// Intercept menu choices
        switch(LOWORD(wParam))
        {
        case IDM_FILE_ROLLDICE:
            {
                //Roll dice and store results in variable
                //storage = RollDice();

                ////Copy results to buffer
                //swprintf(buffer,255,L"Dice 1: %d, Dice 2: %d",storage.dice1,storage.dice2);

                ////Show via message box
                //MessageBox(hMainWindow,buffer,L"Dice Result",MB_OK);

                hMapFile = CreateFileMapping(
                 (HANDLE)0xFFFFFFFF,    // use paging file
                 NULL,                    // default security 
                 PAGE_READWRITE,          // read/write access
                 0,                       // maximum object size (high-order DWORD) 
                 BUF_SIZE,                // maximum object size (low-order DWORD)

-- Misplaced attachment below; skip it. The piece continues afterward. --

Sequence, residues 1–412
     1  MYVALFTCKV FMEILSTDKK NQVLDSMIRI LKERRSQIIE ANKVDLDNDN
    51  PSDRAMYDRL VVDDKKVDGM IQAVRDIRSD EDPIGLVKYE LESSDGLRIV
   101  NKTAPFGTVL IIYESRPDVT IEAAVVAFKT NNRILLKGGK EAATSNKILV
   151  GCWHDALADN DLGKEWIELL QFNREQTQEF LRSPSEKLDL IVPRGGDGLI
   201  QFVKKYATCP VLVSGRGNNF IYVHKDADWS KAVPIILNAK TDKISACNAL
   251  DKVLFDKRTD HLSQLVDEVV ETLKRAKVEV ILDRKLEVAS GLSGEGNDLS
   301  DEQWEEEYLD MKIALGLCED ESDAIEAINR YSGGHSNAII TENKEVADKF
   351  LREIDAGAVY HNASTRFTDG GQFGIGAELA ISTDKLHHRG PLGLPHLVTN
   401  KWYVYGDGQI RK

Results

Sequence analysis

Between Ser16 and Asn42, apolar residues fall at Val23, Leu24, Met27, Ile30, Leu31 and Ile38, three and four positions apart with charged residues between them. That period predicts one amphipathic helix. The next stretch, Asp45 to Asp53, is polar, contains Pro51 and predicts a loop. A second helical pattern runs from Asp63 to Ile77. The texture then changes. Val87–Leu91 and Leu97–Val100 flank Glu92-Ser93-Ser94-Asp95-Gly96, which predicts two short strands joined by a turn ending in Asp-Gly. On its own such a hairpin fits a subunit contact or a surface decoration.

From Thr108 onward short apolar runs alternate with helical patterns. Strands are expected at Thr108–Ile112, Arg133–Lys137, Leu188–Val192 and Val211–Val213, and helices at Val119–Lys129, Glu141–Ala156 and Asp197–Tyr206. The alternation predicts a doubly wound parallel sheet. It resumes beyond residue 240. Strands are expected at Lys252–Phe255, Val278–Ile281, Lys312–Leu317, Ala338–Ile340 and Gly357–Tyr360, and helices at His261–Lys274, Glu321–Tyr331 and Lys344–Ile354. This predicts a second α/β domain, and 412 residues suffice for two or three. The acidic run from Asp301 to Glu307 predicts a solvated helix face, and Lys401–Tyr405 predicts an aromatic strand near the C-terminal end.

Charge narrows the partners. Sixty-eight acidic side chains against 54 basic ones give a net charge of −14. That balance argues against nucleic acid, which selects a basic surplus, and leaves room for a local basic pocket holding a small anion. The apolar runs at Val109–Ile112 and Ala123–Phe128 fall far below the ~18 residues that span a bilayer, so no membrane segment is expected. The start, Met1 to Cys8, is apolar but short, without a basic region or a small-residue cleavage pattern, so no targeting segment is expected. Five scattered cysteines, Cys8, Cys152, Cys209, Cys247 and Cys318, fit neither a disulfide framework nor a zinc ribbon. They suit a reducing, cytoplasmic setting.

szName);                 // name of mapping object

   if (hMapFile == NULL) 
   { 
      MessageBox(hMainWindow,L"Could not create file mapping object",L"Error",NULL);
      return 1;
   }
   pBuf = (LPTSTR) MapViewOfFile(hMapFile,   // handle to map object
                        FILE_MAP_ALL_ACCESS, // read/write permission
                        0,                   
                        0,                   
                        BUF_SIZE);           

   if (pBuf == NULL) 
   { 
      MessageBox(hMainWindow,L"Could not map view of file",L"Error",NULL);

       CloseHandle(hMapFile);

      return 1;
   }


   CopyMemory((PVOID)pBuf, szMsg, (_tcslen(szMsg) * sizeof(TCHAR)));
    _getch();

   UnmapViewOfFile(pBuf);

   CloseHandle(hMapFile);

            }
            break;

        case IDM_FILE_QUIT:
            SendMessage(hMainWindow, WM_CLOSE, 0, 0);
            break;
        }
        break;

    case WM_DESTROY:
        PostQuitMessage(0);
        break;
    }